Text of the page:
Review: 'Hunger Games: Catching Fire' Sparks a Flame for the Series
by Jeremy Kirk
November 22, 2013
When it comes to movie franchises, particularly those of the "three and done" variety, the odds are ever in the second film's favor. These films are typically darker, larger in scale, and the filmmakers behind them jump at the bit to craft a perfect setup for the trilogy's conclusion. These are all aspects The Hunger Games: Catching Fire wears, one badge of honor on its collective chest after another. Based on the novels by Suzanne Collins, the film serves as a smooth, beautiful, and epic transition from the clunky adaptation of the first novel to a hopefully explosive finale in Mockingjay. If nothing else, there will be fire.
Jennifer Lawrence and Josh Hutcherson return in their respective roles as Katniss Everdeen and Peeta Mellark, citizens of the 12th District of the future North America, Panem. Katniss and Peeta, co-winners of the 74th Annual Hunger Games the previous year, now find themselves worldwide celebrities, touring through the impoverished and oppressed Districts. But the Capitol and President Snow (Donald Sutherland), ruling as a heartless dictator, wish to use Katniss and Peeta to crush the revolution that is beginning to brew among the 12 Districts.
Much of this second film in the Hunger Games trilogy is spent on this tour, the pageantry that Panem holds in such high regard on seemingly constant display. Screenwriters Simon Beaufoy and Michael Arndt - writing here under the name Michael deBruyn - take their time getting to the meat of the film, the 75th Annual Hunger Games, where President Snow has a few menacing tricks up his sleeve to commemorate the milestone anniversary.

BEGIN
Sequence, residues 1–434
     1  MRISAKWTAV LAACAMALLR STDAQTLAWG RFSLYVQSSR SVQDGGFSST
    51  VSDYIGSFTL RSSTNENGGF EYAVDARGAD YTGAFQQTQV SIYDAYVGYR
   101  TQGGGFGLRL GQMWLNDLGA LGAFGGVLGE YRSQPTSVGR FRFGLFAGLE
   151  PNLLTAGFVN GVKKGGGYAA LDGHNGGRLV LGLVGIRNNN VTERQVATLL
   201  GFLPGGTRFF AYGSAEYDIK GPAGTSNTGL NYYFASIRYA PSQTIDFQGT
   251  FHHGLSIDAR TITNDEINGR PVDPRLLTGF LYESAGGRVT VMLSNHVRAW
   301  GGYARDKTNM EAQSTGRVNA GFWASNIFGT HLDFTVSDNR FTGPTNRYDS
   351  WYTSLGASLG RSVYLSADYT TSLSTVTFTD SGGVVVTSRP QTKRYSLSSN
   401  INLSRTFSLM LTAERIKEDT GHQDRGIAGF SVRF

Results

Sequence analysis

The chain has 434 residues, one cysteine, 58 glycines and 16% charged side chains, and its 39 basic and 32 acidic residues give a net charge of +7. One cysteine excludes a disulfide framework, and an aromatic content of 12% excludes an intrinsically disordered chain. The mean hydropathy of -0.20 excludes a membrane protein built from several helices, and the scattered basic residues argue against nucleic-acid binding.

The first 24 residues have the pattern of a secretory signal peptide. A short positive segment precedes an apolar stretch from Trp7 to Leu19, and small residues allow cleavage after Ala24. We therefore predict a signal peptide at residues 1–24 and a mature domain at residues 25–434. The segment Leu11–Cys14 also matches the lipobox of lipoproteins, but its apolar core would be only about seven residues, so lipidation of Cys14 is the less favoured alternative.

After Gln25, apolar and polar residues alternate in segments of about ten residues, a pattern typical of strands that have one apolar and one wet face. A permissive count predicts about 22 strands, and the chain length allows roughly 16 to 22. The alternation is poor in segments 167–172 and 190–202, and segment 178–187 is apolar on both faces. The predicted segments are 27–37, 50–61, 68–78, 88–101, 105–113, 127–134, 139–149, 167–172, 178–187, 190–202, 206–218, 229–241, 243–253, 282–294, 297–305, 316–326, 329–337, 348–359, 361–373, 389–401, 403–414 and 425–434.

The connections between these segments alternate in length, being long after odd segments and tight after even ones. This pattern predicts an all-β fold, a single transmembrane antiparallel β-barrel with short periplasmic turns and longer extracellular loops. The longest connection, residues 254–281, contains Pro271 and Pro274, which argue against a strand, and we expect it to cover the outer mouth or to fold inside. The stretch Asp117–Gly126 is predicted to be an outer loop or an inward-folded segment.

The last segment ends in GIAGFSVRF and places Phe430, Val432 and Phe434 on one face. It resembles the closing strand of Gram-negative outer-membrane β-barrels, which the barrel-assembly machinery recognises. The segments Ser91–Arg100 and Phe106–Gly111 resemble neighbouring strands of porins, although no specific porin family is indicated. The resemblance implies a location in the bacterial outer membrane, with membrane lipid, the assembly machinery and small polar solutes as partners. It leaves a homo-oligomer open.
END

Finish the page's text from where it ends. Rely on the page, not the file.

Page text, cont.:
The Games do eventually commence, but only after the colorful characters and engaging world Collins created on paper has been appropriately brought to magnificent light. There are a lot of unanswered questions going on inside Catching Fire, most of them pertaining to the rules of this future society, but Beaufoy and Arndt do a masterful job of giving us just the information we need without appearing to hand-hold us through this world. Panem feels more like something real in Catching Fire, at the same time more expansive and more grounded than what director Gary Ross delivered in The Hunger Games.
The directing duties were handed over to Francis Lawrence this time around, and the director certainly captures the look Ross built up in the first film. Gritty and gray when it comes to the Districts and gaudy and glamorous for the Capitol, Lawrence takes the ball and charges headfirst into this vast future world. As with Beaufoy and Arndt and their adaptation of Collins' work, Lawrence appears to be fascinated by the details. The sheen on Stanley Tucci's character Caesar Flickerman's teeth has never been this bright. Major kudos must also be thrown at Collins' feet for her character naming abilities.
But the oppressive government and potential revolution are only the catalysts for the film's main attraction, The Hunger Games, two volunteers from each District competing in brutal combat inside an arena until only one - or two given Katniss' penchant for rule-bending - person survives. As with the first film, this is where Catching Fire begins to slip from captivating and awe-inspiring sci-fi bliss to charged but still clunky action.